Why we should ALL consider exercise.

Vixx By Vixx, 14th May 2013 | Follow this author | RSS Feed
Posted in Wikinut>Health>Exercise & Fitness

There are reasons not to be active, but there are better reasons to enjoy being active.

Why we should all consider being active.

There was an article in the Daily Mail in December 2011 entitled “Why sinewy arms are NOT a good thing – and neither is sport.”

Reading the article I felt sad for the journalist who wrote the piece. She has clearly never felt the sense of achievement that can come from a good training session, when the ‘feel good’ endorphins kick in. She has no idea of how it can help someone to gain more confidence through improving at something that maybe they thought they would never been good at. I wish she could understand how many women I have met who have been empowered through sport.

Granted, PE at school is not always going to be great for everyone. There are some who will discover natural talent at various activities, and they will stay with sport probably for the rest of their lives. For the rest it can be an embarrassing mix of puberty and just being on the wrong side of good enough / fast enough / warm enough to be able to enjoy it. When you aren’t being given any encouragement to get better, you usually don’t.

I know a lot of boys and girls who didn’t consider themselves to be any good at sport (or even like sport) back in school. I find with many of them now as adults that they just hadn’t found something that they enjoyed doing. At lot of the time, PE in school gives many kids the opportunity to find out what they don’t like. Those who do find something they like will go on to take part in the activity outside of school, usually in a club environment where they can be nurtured, and individual skills can be practised and encouraged.

Those who don’t enjoy it are often lost to exercise before the age of 16.
I find that to be a shame, as exercise has so many benefits – and not just the usual ones about health and helping maintain a normal weight that we usually see trotted out. Exercise can help you to meet new people and make new friends. It can help to challenge you to do better, or push harder. Skills that are transferable within daily life.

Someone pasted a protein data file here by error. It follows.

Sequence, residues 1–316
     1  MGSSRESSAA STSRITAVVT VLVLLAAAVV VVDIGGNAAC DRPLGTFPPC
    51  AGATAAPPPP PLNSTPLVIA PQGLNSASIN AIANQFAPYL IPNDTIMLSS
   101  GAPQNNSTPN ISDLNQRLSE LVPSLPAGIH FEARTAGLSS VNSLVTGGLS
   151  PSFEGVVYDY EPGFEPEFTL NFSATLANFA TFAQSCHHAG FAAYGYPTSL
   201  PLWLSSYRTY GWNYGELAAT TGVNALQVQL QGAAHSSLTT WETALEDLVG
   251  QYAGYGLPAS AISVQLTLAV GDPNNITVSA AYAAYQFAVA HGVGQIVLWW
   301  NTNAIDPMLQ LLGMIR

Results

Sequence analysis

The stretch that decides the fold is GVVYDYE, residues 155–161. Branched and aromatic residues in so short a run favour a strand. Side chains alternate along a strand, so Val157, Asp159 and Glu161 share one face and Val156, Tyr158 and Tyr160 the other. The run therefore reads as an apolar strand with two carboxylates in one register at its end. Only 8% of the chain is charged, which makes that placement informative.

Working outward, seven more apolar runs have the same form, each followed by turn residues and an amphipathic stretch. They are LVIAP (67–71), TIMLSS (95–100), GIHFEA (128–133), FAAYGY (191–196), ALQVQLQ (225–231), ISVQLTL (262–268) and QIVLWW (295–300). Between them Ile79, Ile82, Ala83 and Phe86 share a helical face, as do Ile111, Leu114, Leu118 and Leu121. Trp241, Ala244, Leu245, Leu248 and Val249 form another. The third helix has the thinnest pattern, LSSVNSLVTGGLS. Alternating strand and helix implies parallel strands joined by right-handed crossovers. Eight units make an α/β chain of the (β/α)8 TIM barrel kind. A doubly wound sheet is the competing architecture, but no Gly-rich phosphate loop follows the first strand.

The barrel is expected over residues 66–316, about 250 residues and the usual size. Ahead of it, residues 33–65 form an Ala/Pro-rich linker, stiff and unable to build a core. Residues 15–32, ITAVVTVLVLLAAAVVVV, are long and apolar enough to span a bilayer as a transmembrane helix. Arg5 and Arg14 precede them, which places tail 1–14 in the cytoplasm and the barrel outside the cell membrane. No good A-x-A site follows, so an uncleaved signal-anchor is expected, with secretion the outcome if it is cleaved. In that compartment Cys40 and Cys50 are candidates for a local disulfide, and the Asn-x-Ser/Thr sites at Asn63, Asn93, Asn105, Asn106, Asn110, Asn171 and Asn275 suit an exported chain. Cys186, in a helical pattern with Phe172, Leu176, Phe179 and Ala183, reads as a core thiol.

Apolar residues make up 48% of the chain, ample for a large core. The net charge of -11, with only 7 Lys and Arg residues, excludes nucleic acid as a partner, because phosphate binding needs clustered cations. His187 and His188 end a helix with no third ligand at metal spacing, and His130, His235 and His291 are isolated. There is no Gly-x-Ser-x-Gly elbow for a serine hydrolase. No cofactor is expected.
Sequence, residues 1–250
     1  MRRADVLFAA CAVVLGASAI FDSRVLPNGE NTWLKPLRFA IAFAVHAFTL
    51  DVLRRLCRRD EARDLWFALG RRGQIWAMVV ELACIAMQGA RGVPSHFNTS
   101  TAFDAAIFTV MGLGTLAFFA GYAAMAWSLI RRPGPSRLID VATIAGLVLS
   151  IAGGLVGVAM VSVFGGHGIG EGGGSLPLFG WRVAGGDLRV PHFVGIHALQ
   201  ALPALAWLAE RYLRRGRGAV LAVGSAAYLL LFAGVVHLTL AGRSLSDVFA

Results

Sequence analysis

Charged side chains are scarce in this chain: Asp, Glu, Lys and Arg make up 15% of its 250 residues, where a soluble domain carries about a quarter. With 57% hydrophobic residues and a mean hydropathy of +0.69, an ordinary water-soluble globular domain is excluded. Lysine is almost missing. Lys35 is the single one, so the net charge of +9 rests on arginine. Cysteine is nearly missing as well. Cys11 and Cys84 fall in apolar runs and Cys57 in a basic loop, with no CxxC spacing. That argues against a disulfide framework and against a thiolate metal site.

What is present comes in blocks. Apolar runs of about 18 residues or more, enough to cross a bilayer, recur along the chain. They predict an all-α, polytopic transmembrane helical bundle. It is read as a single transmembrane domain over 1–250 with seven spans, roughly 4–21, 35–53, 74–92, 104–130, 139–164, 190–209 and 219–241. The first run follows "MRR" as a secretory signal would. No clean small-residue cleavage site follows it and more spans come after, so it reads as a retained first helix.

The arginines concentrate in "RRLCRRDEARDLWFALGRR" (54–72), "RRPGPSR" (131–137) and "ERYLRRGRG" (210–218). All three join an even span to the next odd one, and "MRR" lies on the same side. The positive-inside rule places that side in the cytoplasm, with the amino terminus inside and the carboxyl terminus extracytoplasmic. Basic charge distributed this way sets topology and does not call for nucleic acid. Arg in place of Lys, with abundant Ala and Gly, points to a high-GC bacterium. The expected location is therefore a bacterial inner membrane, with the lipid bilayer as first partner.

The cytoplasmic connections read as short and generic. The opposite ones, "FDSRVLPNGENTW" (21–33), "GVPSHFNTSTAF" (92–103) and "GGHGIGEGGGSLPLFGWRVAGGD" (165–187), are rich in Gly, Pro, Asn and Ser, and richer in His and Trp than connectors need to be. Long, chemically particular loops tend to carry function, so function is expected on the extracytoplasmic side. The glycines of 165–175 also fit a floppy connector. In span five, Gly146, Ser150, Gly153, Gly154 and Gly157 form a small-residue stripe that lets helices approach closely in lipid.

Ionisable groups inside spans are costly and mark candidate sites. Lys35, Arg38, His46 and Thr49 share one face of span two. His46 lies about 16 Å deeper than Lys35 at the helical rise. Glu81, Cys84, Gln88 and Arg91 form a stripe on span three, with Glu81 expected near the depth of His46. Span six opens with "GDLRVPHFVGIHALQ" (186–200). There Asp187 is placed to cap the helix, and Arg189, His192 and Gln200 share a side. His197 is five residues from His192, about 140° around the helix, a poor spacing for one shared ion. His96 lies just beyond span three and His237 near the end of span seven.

It can give you confidence. I start training people who maybe feel that they can’t do something, or they just aren’t good at it, and to see their confidence grow as they master the sport, or manage to run a certain distance is amazing. They suddenly see that if they can do that – they can do anything. There is a change in their appearance. Suddenly they are walking taller, they smile more perhaps. Suddenly weight loss and/or toning up becomes a secondary benefit.

Exercise is also a good stress reliever. People can go for a run, kick a football around, or cycle and use the stress of a hard day constructively to fuel their workout. You might feel tired afterward, but chances are you will also feel better for the energy expended.
Exercise doesn’t have to be anti-social either! You might occasionally make it social, and run with a friend, or go swimming. A good chat as you exercise can also help you de-stress as you get fitter!

Some people come back to exercise and sport at a later point in their life. They might take it up because they need to in order to assist medical conditions. Some feel trapped behind a desk and want to cultivate a change. The beauty of exercise is that it does not scold or chide you for leaving it. It doesn’t hold you to a schedule, and you can do it whenever you feel you wish to. The benefits can outweigh the risks, and if you found you didn’t enjoy it early on in life, chances are that you didn’t find something you enjoy doing – and there are so many things you can do to get fit that you didn’t do in PE! It’s not just girls that duck out of sport either – there are guys out there too who haven’t yet learned the advantages that exercise can bring.

For those worried about looking too muscular: there are many factors that would all have to come into play for you to look like that. Some people would love to look muscular, and some people would just like to tone up and lose some fat. It’s your body, you can choose what you would like it to look like. You then put in the effort (or lack of) in order to achieve the physique you most admire. Just because one person looks toned and muscular, does not mean that you are going to if you don’t want to. If everyone who exercised automatically achieved that then we’d all be walking around looking buff and toned!

I do feel sorry for the author of the original article. She clearly has never felt the camaraderie of playing on a sports team just for fun, or for finishing a walk or race to raise money to help those in need. She hasn’t felt the buzz you can get when mastering a new shot or scoring a goal. I feel sad that she is not gaining all of the benefits that sport and exercise can provide – because there are so many of them!

However, if she doesn’t want them, I’ll have her share – and I will pass them round to my friends - the lucky ones who already know these advantages, or who are just discovering these delights. I will continue to pass them on to those who don’t believe that they are any good at anything ‘sporty’, and I will continue to tell people that “If someone like me can do it, then anyone can.”


Activity, Daily Mail, Exercise, Fitness, Health, Muscle

Meet the author

author avatar Vixx
I like to write about fitness, nutrition, my running efforts and race reviews.

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author avatar Penny W-T
14th May 2013 (#)

I'm naughty - I consider exercise from a distance!
But I am learning to see how it is the means to an end - and I will win.

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